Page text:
Marcos said doing such will only escalate the tension in the area “and I think that would be counterproductive.”
“Besides, despite the fact that it was a military-grade laser that was pointed at our Coast Guard, I do not think that that is sufficient for it to trigger the Mutual Defense Treaty,” he said during a media interview after attending the Philippine Military Academy (PMA) alumni homecoming in Baguio City.
“So we are in constant contact, of course, with our treaty partners, not only with the United States but also our Asean partners and our partners here in Asia, and that I think is the better recourse rather to go directly to the Mutual Defense Treaty, which again, I am very concerned would provoke the tensions rather than cool the tensions down,” he added.
On February 6, a Chinese Coast Guard (CCG) vessel pointed a military-grade laser light at BRP Malapascua of the Philippine Coast Guard while it was assisting in a resupply mission to troops in Ayungin Shoal.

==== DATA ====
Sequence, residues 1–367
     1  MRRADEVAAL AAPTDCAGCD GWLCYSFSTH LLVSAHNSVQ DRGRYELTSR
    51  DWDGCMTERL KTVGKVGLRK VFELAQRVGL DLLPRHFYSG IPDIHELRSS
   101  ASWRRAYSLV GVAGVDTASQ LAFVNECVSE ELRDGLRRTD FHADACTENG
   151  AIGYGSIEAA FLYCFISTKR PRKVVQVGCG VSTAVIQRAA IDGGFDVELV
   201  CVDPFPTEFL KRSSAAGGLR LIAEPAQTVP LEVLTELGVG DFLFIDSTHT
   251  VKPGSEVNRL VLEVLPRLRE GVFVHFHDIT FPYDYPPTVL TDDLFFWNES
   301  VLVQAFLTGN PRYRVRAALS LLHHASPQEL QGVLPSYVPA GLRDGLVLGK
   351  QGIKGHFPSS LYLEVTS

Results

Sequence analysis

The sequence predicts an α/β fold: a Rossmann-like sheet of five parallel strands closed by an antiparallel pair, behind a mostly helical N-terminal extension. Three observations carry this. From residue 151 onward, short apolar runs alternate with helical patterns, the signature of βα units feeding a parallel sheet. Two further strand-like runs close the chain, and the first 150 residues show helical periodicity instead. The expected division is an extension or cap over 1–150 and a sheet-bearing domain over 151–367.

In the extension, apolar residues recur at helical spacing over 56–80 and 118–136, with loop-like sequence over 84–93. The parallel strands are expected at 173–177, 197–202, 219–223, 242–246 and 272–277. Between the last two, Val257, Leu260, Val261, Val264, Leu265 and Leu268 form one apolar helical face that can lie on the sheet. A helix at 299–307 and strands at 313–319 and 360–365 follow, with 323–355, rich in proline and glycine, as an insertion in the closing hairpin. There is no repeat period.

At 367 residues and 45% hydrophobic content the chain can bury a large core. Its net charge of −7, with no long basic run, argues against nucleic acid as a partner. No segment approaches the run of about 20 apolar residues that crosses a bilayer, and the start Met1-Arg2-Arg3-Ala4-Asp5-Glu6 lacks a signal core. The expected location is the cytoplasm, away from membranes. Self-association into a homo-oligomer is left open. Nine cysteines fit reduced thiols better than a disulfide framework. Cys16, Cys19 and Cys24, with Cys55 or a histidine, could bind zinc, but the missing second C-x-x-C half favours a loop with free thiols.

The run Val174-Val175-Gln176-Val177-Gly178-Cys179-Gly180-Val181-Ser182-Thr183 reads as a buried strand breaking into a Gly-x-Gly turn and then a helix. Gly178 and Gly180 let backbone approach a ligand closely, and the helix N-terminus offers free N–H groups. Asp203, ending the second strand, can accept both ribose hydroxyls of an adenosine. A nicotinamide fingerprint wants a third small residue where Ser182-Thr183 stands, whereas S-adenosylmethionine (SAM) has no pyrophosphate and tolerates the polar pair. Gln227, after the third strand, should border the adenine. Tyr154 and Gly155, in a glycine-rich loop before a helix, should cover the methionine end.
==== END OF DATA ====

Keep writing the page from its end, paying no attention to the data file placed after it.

The PCG said the CCG vessel also made dangerous maneuvers by approaching about 150 yards from the ship’s starboard quarter.
Following the incident, Marcos summoned Chinese Ambassador to the Philippines Huang Xilian.
“Actually, I said we have to find a way around this because if we are such close friends such as China and the Philippines, these are not the kind of incidents that we should be talking about between the President and the Ambassador to the Philippines from China,” said Marcos.
“And I reminded him that this was not what we agreed upon with President Xi (Jinping) when I visited him in Beijing,” he added.
In his speech during the event, Marcos maintained that the country will not give up even a single inch of the country’s territory.
“We will continue to uphold our territorial integrity and sovereignty in accordance with our Constitution and with international law. We will work with our neighbors to secure the safety and security of our people,” he said. (SunStar Philippines)